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6/1/2010 Charleston Magazine: Edisto Beach, Easy Does It
Written by Sandy Lang
On the dock behind the Edisto Marina, guitarist Jeff Houts played and sang folky-rock songs while a red-headed toddler danced and a crowd of about 20 people stood near a couple of oyster roast tables. It was a Saturday night an hour or two before sunset at Edisto Beach, and dockmaster Dan Warren was in charge of steaming the oysters. (In the summer, they change up the Saturday night dinners: they might grill fish, have a shrimp boil, or serve up Frogmore stew. ) He chatted with guests between batches. Turns out, he used to live on Folly Beach and says Edisto is “a lot more laid-back, without so much traffic and the bar scene. It’s quieter on this island, much quieter.”
Like, one grocery store quiet. No hotels quiet. And just a handful of restaurants quiet. Edisto is the kind of place where you can sit on the beach near a jetty with little else to do but count the pelicans flying just over the waves—I spotted 17 one morning. Or you can read a paperback, nap on a hammock, or fill your pocket with seashells. Rental houses old and new line the streets of Edisto Beach, and families come back year after year to fill them.
On the drive in along two-lane Highway 174, the anticipation to get there builds, and you can enhance it by slowing down for the Sea Island scenery. At the Hollings National Wildlife Refuge, the Grove Plantation House is one of the few antebellum mansions in the Lowcountry that survived the burning and ransacking of the Civil War. Like a movie set, the house really does have a wide, river-facing porch with tall white columns and is surrounded by moss-draped oaks. Birders treasure the refuge. I talked with a man there who said he’d come to watch the Mississippi kites that swoop and soar overhead. Through his field glasses, he’d also seen indigo buntings, redhead ducks, orioles, and tanagers.
A few miles closer to the beach, visitors can pick up maps in a box at the entrance of the 4,700-acre Botany Bay Plantation Wildlife Management Area and take a motor tour—or park and see the place by bicycle. The property includes the ruins of two former plantations, Bleak Hall and Sea Cloud. There’s a garden shed with thick oyster tabby walls, a brick beehive-shaped well that’s said to have been built by enslaved Africans in the 1700s, and a tall Gothic Revival-designed ice house. The land itself is naturally stunning with marsh views, freshwater ponds, and deep forests of saw palmetto, pine, and oak.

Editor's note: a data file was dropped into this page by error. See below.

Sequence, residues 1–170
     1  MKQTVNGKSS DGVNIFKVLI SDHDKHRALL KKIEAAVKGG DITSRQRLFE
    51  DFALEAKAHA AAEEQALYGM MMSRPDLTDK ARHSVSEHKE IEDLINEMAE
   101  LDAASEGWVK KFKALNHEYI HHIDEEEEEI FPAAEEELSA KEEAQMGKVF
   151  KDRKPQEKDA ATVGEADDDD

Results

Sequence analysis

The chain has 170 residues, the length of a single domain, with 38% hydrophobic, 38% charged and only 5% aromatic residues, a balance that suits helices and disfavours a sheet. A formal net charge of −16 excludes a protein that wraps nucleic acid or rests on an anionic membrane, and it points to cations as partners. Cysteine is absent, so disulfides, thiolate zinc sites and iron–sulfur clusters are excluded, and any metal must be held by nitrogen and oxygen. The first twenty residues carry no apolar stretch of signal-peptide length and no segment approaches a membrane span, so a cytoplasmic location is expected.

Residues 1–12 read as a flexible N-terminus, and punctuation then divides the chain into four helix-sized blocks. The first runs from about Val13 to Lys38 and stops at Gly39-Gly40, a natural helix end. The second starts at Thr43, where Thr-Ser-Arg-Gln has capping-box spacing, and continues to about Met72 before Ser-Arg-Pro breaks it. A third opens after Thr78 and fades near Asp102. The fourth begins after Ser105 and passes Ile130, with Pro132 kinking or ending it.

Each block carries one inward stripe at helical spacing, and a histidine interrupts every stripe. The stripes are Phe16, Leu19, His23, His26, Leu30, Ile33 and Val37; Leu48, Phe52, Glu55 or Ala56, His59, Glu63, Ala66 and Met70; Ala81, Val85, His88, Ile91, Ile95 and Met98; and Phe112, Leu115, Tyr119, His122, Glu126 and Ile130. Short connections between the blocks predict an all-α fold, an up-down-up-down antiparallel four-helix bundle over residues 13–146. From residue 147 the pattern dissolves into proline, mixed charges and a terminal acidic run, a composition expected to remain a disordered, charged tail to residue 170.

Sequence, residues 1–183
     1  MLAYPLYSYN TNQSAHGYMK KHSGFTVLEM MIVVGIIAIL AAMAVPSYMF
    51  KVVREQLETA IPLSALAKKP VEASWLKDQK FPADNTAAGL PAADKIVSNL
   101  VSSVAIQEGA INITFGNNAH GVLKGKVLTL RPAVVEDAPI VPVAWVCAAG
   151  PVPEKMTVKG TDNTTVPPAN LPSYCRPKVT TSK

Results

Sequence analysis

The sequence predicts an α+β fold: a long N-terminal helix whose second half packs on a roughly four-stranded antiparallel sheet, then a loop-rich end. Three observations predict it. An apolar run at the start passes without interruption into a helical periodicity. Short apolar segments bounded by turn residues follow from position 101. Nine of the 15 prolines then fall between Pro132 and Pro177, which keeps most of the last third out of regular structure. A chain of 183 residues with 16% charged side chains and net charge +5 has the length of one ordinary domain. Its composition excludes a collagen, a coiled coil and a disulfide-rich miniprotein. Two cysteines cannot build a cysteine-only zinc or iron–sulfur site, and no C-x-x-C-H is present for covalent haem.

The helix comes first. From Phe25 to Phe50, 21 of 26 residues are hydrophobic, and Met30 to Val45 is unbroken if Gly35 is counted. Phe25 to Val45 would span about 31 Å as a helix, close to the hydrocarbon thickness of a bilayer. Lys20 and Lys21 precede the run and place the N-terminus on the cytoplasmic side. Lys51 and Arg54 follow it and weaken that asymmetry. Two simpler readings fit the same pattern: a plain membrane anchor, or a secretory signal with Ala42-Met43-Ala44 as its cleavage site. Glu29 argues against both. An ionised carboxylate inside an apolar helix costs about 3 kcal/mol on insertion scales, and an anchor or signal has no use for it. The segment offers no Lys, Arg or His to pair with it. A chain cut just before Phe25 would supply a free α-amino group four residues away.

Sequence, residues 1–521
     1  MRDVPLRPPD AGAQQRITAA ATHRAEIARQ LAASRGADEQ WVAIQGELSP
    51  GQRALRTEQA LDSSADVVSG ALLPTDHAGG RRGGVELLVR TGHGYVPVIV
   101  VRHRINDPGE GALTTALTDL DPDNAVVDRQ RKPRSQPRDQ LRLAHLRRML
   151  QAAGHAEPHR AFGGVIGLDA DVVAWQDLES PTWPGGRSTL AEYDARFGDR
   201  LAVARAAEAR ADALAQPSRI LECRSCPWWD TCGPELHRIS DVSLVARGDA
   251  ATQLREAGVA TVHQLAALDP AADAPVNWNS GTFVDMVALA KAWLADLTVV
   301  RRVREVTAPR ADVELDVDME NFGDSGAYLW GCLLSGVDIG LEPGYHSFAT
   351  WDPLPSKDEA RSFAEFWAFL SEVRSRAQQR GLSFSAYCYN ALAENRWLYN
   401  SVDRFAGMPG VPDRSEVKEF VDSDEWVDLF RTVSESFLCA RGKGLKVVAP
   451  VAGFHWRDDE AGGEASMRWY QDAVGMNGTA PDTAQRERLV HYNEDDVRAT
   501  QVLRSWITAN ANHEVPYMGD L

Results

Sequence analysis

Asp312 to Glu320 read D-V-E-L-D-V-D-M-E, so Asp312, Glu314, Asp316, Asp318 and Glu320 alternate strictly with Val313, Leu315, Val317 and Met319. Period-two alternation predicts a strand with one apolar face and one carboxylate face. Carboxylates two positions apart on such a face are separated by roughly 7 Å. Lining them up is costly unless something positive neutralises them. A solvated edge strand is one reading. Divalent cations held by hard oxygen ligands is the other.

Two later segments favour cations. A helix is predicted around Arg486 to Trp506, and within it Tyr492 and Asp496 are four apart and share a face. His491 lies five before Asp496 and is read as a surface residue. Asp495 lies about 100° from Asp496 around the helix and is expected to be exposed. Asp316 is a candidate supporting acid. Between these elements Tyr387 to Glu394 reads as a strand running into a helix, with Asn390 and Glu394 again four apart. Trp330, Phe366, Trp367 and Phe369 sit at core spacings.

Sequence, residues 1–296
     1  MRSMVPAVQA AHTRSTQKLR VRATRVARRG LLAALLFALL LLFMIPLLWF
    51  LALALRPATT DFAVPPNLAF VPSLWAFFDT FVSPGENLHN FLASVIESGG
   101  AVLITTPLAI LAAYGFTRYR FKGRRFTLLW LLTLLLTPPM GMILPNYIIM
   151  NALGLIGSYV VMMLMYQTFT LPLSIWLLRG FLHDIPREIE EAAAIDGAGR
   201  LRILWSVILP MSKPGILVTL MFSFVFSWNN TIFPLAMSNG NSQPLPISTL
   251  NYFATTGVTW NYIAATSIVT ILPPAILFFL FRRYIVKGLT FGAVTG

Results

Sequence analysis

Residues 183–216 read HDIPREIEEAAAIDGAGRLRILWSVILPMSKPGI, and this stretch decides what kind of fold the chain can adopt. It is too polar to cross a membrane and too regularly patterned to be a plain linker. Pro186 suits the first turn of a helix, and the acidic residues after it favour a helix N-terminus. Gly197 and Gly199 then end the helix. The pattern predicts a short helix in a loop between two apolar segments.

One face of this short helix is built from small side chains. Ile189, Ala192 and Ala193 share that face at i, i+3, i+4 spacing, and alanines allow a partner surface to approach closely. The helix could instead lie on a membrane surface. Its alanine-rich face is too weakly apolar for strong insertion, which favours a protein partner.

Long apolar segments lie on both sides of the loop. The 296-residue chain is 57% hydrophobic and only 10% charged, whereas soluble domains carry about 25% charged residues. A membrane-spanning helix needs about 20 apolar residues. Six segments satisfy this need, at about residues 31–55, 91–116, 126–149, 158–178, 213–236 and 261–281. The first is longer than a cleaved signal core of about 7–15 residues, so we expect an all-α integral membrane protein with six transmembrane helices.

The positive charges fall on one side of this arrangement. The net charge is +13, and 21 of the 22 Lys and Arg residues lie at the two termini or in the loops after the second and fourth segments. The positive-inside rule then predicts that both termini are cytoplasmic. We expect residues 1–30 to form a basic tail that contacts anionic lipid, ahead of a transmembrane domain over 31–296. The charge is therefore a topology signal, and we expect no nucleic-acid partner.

On the way to weeklong vacation rentals, people often stop at King’s Farm Market for a casserole or a tomato pie to pop in the oven later at the beach house. (Edisto is known for its tomatoes. A few years ago, I watched a young woman be crowned “Tomato Queen” during a festival down near Whaley’s, a tavern on the south end of the beach.) There’s also George & Pink’s, a vegetable stand with dirt floors and local produce and art for sale, including birdhouses painted to look like some of the island’s most historic churches.
Fishing charters leave daily from the marina; and there’s fresh shrimp, crabs, and fish for sale at Edisto Seafood. When I stopped in, huge slabs of fresh snapper gleamed in the refrigerator case, and the staff was cooking up a pot of blue crabs for the rush of customers who, they say, always shows up just before closing.
Then someone suggested going over to Whaley’s for beers at the wooden tables outside, near the old gas pumps. (The former filling station is now a favorite watering hole, complete with pool tables and bacon-wrapped local shrimp.) Why not? The air smelled like salt, there were seashells in my pocket, and like I’d heard a woman say earlier at the island’s tiny post office, “It’s not fancy; it’s Edisto.”
The 68-square-mile island with three miles of beach is known for its family atmosphere, beach house rentals, camping, fishing, and fresh seafood.
Follow Hwy. 17 S about 25 miles, then turn east onto Hwy. 174 and follow it for another 21 miles to Edisto Beach. The final stretch is lined with antebellum plantations, national wildlife refuge land, vegetable farms and produce stands, white-painted churches, and unpaved lanes that dip off into the pinewoods.
Sights & Stops
Along Hwy. 174, there’s the Hollings National Wildlife Refuge and Grove Plantation, Botany Bay Plantation, and the Edisto Island Serpentarium. Po Pigs Bo-B-Q is in a shopping center along the way, and the Old Edisto Post Office (open for dinner) is about five miles before you get to the beach. Fresh produce markets include King’s and George & Pink’s. And once on Edisto Beach, you can pick up necessities at the sole grocery -- a Piggly Wiggly—or head to locals’ favorites like Whaley’s and the Thirsty Fish for drinks, burgers, and seafood or the Sea Cow Eatery, known for its breakfasts.
There are no hotels on Edisto Beach, so beach house rentals or camping at the Edisto Beach State Park is the way to go. The Atwood Agency lists more than 150 rental properties, including many that allow pets. There are also condo and house rentals on the golf course in the Wyndham resort available for weeklong stays.